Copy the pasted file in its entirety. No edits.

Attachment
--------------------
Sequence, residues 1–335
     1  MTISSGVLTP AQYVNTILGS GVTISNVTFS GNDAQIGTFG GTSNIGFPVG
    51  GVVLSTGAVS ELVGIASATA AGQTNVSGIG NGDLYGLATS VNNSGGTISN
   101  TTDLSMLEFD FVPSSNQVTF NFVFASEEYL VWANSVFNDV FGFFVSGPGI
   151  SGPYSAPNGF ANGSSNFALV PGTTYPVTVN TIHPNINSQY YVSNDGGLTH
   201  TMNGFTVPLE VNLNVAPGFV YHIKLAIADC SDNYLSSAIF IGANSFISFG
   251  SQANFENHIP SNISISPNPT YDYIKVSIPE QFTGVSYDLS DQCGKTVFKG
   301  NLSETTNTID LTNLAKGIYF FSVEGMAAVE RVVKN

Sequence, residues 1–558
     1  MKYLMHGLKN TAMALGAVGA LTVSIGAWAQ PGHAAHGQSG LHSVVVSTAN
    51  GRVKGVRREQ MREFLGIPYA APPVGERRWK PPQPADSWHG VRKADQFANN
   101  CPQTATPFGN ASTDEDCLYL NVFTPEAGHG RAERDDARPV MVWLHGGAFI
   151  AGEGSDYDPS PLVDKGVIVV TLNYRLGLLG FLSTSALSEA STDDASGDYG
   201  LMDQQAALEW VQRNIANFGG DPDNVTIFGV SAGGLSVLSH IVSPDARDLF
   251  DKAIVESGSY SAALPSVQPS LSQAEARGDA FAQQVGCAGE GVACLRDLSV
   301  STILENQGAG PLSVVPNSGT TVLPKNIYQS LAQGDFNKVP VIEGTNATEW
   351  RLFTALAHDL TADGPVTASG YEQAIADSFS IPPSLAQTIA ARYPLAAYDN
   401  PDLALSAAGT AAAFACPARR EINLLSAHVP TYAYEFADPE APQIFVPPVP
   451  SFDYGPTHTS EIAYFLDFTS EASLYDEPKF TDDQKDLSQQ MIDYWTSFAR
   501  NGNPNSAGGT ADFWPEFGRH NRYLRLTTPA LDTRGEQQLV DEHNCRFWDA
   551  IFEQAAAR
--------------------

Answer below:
Sequence, residues 1–335
     1  MTISSGVLTP AQYVNTILGS GVTISNVTFS GNDAQIGTFG GTSNIGFPVG
    51  GVVLSTGAVS ELVGIASATA AGQTNVSGIG NGDLYGLATS VNNSGGTISN
   101  TTDLSMLEFD FVPSSNQVTF NFVFASEEYL VWANSVFNDV FGFFVSGPGI
   151  SGPYSAPNGF ANGSSNFALV PGTTYPVTVN TIHPNINSQY YVSNDGGLTH
   201  TMNGFTVPLE VNLNVAPGFV YHIKLAIADC SDNYLSSAIF IGANSFISFG
   251  SQANFENHIP SNISISPNPT YDYIKVSIPE QFTGVSYDLS DQCGKTVFKG
   301  NLSETTNTID LTNLAKGIYF FSVEGMAAVE RVVKN

Sequence, residues 1–558
     1  MKYLMHGLKN TAMALGAVGA LTVSIGAWAQ PGHAAHGQSG LHSVVVSTAN
    51  GRVKGVRREQ MREFLGIPYA APPVGERRWK PPQPADSWHG VRKADQFANN
   101  CPQTATPFGN ASTDEDCLYL NVFTPEAGHG RAERDDARPV MVWLHGGAFI
   151  AGEGSDYDPS PLVDKGVIVV TLNYRLGLLG FLSTSALSEA STDDASGDYG
   201  LMDQQAALEW VQRNIANFGG DPDNVTIFGV SAGGLSVLSH IVSPDARDLF
   251  DKAIVESGSY SAALPSVQPS LSQAEARGDA FAQQVGCAGE GVACLRDLSV
   301  STILENQGAG PLSVVPNSGT TVLPKNIYQS LAQGDFNKVP VIEGTNATEW
   351  RLFTALAHDL TADGPVTASG YEQAIADSFS IPPSLAQTIA ARYPLAAYDN
   401  PDLALSAAGT AAAFACPARR EINLLSAHVP TYAYEFADPE APQIFVPPVP
   451  SFDYGPTHTS EIAYFLDFTS EASLYDEPKF TDDQKDLSQQ MIDYWTSFAR
   501  NGNPNSAGGT ADFWPEFGRH NRYLRLTTPA LDTRGEQQLV DEHNCRFWDA
   551  IFEQAAAR